Also, if you are worried about a friend or family member, the Champaign Urbana Public Health District states a room rated a 4, 5, or 6 should be reported to them and a room rated 7,8, or 9 should be reported immediately.

If you would like to report a house, click on the link here and then the image that best represents the person’s house you are reporting. You’ll then be asked to fill out a form. Your information is confidential, and will not be shared with the person you want to help.

How Much Time & Money Do I Need to Sell My Cluttered House?

The house of someone with a HD usually needs more visits from repairmen and other professionals. Unfortunately, most people with a HD are ashamed of their home and rarely let in family members, let alone strangers. This causes their repair problems to go from bad to worse, and the amount of money needed to fix the repairs increase.

However, the worse part about these home maintenance issues is the deadly effect they can have on a hoarder’s health. One broken toilet can lead to black mold. A rat problem can easily become a rat feces problem. These conditions are why it’s extremely important for someone with a HD to change their living situation, whether that be by cleaning their house, organizing their house or selling it.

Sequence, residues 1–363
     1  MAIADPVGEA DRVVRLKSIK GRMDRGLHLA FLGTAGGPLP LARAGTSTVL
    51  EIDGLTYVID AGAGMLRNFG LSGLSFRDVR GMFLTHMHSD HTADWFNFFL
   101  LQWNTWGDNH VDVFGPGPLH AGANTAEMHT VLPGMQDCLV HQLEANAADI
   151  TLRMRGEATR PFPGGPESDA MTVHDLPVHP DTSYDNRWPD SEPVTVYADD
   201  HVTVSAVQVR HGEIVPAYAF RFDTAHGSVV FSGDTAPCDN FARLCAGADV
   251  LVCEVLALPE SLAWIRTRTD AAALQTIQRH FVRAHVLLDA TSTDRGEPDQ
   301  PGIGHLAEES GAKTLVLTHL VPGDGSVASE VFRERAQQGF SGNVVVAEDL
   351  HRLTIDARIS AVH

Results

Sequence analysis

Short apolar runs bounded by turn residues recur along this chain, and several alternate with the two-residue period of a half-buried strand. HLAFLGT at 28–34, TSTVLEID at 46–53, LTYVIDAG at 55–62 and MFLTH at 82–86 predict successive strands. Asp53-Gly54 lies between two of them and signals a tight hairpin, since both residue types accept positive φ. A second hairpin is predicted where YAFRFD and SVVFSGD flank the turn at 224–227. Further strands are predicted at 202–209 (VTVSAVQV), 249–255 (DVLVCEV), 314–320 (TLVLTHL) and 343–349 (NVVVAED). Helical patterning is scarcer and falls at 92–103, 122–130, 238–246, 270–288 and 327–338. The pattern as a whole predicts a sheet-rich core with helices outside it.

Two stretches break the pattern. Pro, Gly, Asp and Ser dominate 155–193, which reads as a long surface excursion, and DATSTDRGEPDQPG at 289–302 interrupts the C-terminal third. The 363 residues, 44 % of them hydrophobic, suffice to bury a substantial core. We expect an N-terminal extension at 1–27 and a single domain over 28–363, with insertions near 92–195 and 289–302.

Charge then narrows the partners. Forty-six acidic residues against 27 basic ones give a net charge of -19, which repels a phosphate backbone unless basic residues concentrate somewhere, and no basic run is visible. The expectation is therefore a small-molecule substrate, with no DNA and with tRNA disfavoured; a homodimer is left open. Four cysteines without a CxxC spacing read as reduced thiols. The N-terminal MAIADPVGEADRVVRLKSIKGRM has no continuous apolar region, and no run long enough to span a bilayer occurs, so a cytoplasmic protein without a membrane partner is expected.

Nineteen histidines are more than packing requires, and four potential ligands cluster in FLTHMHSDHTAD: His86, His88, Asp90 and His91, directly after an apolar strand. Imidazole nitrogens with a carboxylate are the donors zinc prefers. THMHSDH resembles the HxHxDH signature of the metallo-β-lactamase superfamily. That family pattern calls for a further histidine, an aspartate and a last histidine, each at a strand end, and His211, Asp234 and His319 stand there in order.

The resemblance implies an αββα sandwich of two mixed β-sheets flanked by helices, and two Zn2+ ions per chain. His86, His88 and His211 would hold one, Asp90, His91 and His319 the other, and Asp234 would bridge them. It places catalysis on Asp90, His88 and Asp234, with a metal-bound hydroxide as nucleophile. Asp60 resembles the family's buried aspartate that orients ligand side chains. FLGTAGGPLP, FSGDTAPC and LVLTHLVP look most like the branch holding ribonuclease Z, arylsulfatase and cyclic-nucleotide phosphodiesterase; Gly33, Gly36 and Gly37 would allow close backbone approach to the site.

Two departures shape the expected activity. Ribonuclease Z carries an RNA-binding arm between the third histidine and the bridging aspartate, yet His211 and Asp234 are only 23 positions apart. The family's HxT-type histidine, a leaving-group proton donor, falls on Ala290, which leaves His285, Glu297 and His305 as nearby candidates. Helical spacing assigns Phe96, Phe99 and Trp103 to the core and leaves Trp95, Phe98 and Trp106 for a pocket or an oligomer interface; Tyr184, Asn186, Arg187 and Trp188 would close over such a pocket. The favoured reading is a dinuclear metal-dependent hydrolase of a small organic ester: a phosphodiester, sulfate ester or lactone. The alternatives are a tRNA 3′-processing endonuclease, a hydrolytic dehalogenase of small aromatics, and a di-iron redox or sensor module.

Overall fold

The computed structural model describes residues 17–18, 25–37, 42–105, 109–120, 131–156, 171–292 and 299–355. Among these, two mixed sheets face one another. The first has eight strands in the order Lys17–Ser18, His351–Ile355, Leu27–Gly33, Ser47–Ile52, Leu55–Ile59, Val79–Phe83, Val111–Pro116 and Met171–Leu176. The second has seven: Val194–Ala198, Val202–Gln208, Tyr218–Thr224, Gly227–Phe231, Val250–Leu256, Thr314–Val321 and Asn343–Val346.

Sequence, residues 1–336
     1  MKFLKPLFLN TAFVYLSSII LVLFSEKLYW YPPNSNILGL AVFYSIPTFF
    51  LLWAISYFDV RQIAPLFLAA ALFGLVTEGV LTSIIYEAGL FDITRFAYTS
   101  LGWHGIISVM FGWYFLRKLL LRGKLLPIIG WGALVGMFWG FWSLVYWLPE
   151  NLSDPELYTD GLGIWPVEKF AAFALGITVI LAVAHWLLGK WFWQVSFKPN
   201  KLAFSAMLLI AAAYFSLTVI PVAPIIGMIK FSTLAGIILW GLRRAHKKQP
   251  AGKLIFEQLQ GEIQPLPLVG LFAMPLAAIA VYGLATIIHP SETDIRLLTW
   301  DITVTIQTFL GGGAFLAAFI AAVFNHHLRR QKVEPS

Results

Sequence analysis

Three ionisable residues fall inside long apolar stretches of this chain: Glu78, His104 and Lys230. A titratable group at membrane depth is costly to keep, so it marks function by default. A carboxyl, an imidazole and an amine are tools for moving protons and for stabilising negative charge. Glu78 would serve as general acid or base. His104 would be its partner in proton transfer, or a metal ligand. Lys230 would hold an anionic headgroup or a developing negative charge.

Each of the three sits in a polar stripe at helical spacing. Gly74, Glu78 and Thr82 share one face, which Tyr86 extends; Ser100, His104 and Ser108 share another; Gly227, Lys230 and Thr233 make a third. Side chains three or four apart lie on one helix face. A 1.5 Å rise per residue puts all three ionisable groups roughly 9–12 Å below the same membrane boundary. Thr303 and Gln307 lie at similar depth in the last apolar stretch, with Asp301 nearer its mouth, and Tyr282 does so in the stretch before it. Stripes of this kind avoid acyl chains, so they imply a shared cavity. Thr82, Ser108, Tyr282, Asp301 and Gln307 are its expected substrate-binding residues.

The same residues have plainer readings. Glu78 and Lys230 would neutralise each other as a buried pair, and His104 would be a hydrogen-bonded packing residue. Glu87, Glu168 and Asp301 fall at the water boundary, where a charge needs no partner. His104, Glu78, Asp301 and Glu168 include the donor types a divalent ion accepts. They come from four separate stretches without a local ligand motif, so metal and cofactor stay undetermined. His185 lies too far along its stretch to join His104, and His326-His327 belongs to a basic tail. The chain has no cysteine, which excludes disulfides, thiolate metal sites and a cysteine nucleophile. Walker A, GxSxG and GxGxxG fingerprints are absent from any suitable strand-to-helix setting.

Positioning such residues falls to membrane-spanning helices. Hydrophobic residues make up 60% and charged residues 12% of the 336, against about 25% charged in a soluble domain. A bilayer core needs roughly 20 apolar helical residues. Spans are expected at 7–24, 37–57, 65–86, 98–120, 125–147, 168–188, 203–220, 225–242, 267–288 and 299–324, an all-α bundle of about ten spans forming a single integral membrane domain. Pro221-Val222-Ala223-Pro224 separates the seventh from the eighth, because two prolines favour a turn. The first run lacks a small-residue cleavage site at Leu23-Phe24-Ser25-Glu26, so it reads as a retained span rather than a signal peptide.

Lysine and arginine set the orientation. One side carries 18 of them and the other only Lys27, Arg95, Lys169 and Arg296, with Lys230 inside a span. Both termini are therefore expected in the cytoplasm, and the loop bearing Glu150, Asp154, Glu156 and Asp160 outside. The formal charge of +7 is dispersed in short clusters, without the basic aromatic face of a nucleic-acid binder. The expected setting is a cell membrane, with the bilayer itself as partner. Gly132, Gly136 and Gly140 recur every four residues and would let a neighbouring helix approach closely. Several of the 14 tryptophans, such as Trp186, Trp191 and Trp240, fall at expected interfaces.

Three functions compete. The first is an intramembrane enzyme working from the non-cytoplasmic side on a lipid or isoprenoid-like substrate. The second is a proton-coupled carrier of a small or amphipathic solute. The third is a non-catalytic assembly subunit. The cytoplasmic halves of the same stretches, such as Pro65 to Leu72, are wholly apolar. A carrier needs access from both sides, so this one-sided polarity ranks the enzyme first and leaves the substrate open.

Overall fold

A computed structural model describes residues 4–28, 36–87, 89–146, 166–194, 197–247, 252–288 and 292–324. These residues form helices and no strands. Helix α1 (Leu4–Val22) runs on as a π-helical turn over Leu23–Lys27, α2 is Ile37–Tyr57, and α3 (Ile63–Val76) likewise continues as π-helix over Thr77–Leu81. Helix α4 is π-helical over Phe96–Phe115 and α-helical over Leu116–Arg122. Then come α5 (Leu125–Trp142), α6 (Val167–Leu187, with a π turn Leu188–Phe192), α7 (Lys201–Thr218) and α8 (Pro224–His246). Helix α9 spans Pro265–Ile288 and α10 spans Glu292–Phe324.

List of Resources: What You’ll Need to Sell a Hoarder House On the Market
If someone with HD wanted to sell their house on the open market, they would need to ask themselves “Is this something I can afford?”Below is a list of things needed for someone with a HD to sell their house on the open market. Some of the resources are optional, but some are not. Try to estimate what it would cost you to sell your house on the market and then look at the list below. See if your estimates are close to the actual numbers.

Show entriesSearch:
Resources Average Cost ($)
A real estate agent that is willing to attempt selling the hoarder house. 11334
Time to clean up the house, speak to consignment stores and antique dealers One day- several months
Money for mortgage payments $1,061 per month
People willing to help clean the house or money to hire a team $5,000-$10,000
Professional organizer $40-$120 per hour
Psychological help during the cleanup and after the sale $80-$100 per hour
Dumpsters 500
Storage Units $150 per month
Cleanup supplies (shovels, cleaning, products, mops, gloves, trash bags, masks, brooms) $100-$700
Home inspector 315
Showing 1 to 10 of 17 entriesPreviousNext